willow were extremely light. Due to the low number of plants available,
black willow was only exposed to 90 and 120 ppb. Most species were
clearly symptomatic following exposure to 90 and 120 ppb ozone, but
symptoms on peach-leaved willow were very light.
2008 L.J. Kline, D.D. Davis, J.M. Skelly, J.E. Savage, and J. Ferdinand 63
Ranking of species sensitivity
2003. American sycamore was most sensitive to ozone, followed in
descending order by common milkweed, swamp milkweed, and snowberry
(Table 1). The level of symptoms on these four species was similar (p =
0.05). Aromatic sumac, followed by mixed snowberries, European elder, and
American elder, ranked next and were generally similar in ozone-sensitivity.
Redbud was somewhat insensitive to ozone. Coralberry, bigleaf aster, and
highbush-cranberry were least sensitive. However, the mean response values
of the last nine selections (Table 1) were not significantly different, likely
due to the high variability in the data.
2004. Among the willows, black willow was very sensitive to ozone
(Table 1). However, due to the small number of available plants, black willow
was only exposed at the two greater levels of ozone, resulting in inflated
response values. Nevertheless, if one compares the symptom values for this
species following exposure to 90 and 120 ppb with that induced on other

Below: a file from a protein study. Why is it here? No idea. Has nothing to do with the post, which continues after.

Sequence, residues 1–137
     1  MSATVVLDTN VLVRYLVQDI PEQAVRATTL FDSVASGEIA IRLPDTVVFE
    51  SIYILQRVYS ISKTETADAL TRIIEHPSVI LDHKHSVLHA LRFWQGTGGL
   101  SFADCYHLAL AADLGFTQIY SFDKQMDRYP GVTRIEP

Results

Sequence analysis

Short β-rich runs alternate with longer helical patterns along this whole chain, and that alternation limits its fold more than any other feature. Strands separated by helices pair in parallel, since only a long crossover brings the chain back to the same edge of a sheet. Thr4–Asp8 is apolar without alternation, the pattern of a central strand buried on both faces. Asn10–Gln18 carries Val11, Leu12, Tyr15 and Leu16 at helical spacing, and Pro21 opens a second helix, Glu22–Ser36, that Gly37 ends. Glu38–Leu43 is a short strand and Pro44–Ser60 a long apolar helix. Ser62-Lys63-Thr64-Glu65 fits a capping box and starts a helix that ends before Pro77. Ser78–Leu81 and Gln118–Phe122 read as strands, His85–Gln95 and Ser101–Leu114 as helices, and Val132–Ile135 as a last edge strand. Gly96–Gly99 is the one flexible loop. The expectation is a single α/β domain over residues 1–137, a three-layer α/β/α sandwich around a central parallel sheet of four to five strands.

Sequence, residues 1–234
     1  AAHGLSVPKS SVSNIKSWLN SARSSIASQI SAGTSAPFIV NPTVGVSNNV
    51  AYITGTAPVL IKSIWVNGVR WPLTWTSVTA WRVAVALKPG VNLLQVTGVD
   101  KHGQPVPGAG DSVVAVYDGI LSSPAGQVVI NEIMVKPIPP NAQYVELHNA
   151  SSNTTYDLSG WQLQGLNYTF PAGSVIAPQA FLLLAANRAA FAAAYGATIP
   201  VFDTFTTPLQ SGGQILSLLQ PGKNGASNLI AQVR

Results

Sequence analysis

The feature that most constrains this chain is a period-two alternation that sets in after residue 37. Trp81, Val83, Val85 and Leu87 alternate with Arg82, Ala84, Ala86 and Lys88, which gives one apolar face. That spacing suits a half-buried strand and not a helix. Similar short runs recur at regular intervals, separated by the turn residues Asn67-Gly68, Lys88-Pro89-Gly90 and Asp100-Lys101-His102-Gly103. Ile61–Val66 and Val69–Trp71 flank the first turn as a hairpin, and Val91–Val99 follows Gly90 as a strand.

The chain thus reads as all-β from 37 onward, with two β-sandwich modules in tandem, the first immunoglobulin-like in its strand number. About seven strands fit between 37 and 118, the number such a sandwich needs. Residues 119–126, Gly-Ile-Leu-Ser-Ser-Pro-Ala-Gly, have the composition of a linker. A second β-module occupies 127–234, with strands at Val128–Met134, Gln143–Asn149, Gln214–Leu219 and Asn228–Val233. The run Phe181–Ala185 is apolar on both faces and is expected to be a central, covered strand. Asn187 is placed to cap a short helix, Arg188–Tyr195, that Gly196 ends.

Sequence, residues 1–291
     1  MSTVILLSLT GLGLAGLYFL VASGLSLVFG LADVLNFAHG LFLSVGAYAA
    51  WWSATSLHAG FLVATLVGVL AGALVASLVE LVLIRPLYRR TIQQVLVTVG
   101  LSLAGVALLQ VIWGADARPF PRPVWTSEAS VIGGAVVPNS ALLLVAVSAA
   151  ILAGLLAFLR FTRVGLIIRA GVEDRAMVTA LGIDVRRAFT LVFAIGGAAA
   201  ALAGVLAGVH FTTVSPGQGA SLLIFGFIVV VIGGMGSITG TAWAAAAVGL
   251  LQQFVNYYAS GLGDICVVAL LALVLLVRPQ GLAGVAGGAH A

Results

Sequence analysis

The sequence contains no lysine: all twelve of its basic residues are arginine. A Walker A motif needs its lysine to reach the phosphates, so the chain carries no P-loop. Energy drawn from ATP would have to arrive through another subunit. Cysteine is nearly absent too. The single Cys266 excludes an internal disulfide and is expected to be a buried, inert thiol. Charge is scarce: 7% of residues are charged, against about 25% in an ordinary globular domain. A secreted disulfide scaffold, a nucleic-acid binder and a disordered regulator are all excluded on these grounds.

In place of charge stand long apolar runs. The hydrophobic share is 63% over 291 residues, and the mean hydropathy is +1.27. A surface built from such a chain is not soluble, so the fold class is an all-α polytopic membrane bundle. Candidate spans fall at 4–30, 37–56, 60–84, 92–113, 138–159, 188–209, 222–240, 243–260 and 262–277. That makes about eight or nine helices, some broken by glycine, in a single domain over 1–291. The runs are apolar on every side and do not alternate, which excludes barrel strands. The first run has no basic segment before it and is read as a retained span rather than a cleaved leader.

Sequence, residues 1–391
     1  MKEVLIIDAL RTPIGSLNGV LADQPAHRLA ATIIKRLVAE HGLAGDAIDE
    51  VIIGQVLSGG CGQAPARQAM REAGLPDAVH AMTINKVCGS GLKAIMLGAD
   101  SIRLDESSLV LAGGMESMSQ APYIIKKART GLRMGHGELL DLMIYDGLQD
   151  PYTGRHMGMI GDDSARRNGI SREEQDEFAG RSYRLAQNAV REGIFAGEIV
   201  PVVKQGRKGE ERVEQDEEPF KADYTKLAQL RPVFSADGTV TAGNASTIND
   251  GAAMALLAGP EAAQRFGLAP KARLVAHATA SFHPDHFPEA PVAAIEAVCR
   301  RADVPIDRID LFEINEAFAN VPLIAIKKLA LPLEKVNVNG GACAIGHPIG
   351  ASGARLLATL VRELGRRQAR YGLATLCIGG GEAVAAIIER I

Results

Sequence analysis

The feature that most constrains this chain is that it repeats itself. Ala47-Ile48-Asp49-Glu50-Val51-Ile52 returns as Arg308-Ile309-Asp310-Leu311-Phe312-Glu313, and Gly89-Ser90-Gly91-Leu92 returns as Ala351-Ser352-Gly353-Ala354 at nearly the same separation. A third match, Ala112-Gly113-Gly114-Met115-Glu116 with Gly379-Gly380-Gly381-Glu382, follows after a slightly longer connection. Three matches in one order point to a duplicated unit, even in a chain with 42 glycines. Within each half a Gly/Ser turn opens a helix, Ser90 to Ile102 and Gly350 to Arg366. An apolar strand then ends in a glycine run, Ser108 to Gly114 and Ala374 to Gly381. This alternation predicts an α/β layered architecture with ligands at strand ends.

species, black willow still ranks among the more sensitive willows. Shining
willow, silky willow, and Bankers dwarf willow were also quite sensitive to
ozone, as were sandbar willow and basket willow. Pussy willow showed few
ozone-induced symptoms, diamond willow exhibited fewer symptoms, and
peach-leaved willow was insensitive. Among plants other than willows, buttonbush
was most sensitive, followed by New England aster and European
dwarf elderberry. Bee-balm, cutleaf coneflower, New York aster, and hybrid
poplar were less sensitive.
The main objectives of this study were to evaluate the relative ozone
sensitivity of different plant selections and to describe ozone-induced foliar
symptoms under controlled conditions in CSTR chambers. The most
sensitive plants included American sycamore, aromatic sumac, basket willow,
Bankers dwarf willow, bee-balm, black willow, buttonbush, common
milkweed, European dwarf elderberry, New England aster, sandbar willow,
shining willow, silky willow, snowberry, and swamp milkweed. These species
are potential bioindicators for use in ozone surveys. However, ozone
caused marginal and tip leafburn on the willows, symptoms that would be